My response was something only a current public relations graduate student, fresh out of taking her comprehensive written and oral examinations, and appropriately trained in methods by her “We mean business when we say research” university would respond:
The response led to a comment by Justin, who shared that the practice of conducting surveys is not one that PR professionals employ as frequently as they should.
After all, if the public is at the heart of public relations, why wouldn’t we ask them how they feel about certain issues that involve our organizations, clients, industry, and even current events that directly or indirectly affect us and them?
The problem with surveying is that it, allegedly, takes too long.
But I would argue that if you are clear about what your organization’s goals and objectives are, then you know exactly what you are looking for, and developing a survey with appropriate questions shouldn’t take as long as you might think.
Then there is matter of tools.
In this case, a simple Google Form can go a long way for a grand total of zero dollars.
And in terms of distribution, an email to subscribers, a tweet, Facebook post, LinkedIn update, and word-of-mouth are simple means to secure a good response rate.
Additionally, we know that we can easily reach out to friends, followers, and peers for help in spreading the word.
Throughout graduate school, I have conducted in-depth interviews for all of my investigations.
These require that I:
- turn in an application and research proposal to the University’s Institutional Review Board (IRB),
- wait two to three weeks (our IRB is Ã¼ber-efficient; other institutions don’t get back to you for months), and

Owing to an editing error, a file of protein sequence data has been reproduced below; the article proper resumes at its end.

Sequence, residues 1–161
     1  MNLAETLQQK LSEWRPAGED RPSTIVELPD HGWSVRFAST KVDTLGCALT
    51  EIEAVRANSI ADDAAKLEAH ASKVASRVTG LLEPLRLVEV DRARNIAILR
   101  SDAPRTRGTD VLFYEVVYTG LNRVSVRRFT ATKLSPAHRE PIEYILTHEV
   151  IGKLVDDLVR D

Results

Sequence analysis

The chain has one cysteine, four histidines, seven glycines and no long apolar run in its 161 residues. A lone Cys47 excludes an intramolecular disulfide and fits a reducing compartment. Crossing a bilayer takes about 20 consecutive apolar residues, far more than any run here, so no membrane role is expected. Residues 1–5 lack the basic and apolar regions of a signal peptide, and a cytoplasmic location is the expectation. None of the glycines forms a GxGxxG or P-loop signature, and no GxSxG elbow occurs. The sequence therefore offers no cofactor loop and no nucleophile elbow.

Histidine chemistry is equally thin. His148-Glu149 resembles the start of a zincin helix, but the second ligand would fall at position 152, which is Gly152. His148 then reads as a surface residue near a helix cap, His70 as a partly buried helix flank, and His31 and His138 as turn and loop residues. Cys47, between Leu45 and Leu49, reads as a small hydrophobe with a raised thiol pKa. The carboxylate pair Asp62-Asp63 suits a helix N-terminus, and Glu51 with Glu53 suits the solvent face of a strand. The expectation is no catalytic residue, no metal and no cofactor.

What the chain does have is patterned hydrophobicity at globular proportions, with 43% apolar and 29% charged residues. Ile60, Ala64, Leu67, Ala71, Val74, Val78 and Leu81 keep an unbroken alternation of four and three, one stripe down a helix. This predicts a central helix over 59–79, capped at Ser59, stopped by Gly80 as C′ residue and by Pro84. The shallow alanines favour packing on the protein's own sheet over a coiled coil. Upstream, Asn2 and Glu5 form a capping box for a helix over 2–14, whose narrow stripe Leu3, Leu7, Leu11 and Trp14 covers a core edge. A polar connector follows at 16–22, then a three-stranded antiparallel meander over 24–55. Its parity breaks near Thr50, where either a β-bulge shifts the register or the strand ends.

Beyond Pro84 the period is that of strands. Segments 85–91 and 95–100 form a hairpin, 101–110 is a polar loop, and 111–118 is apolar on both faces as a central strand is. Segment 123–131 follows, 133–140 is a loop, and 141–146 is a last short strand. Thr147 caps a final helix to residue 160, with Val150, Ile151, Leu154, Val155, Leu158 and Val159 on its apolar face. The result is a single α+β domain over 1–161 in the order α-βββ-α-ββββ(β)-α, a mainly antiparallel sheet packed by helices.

- make sure I obtain signed consent from my participants before conducting my interviews.
Sound like a pain in the butt?
But interviews, among other qualitative methods like focus groups, are crucial in the discovery process that ultimately leads to developing a meaningful survey that can be distributed to a larger population and lead to valuable results.
The good news for PR professionals who want to do a little discovery before diving into a survey is that there is no IRB to go through.
We are the masters of our own ethical and procedural checks (no pressure).
While interviews and focus groups may still be used, if you are actively engaging your customers via social media channels, and monitoring those conversations””even if just informally””you are already familiar with the dialogue that surrounds your organization and you can develop a survey that reflects some of the feedback within that ecosystem.
LinkedIn Answers are often used by professionals searching for answers to their burning questions.
Quora has popularized the concept of asking open-ended questions and getting rich feedback from peers and others in our industry or who share our interests.
And, now, even good ol’ Facebook has added Questions to its list of features in order to help us get feedback from our network of friends.
The idea of polling and surveying is catching on (again).
If there is one thing PR professionals have demonstrated we are good at, it’s our ability to adapt and adopt emerging concepts and technologies for the purpose of serving our customers better.
Let’s reach into our toolbox and pull surveys back out, to make sure the decisions we implement and the communications programs we develop are based on more educated findings rather than on historical processes or wild guesses.
Andi Narvaez is a public relations (old and new school) and social media professional. She currently serves on the advisory boards of Social Media Club DC and Social Media Club Education Connection. She works for Citizen Effect, a philanthropy start-up dedicated to providing citizens with the tools and support they need to work directly with communities in need around the world. She is originally from Quito, Ecuador, but moved to Washington, D.C., in 2009 to pursue a master’s degree in Public Relations at University of Maryland. Check out her blog.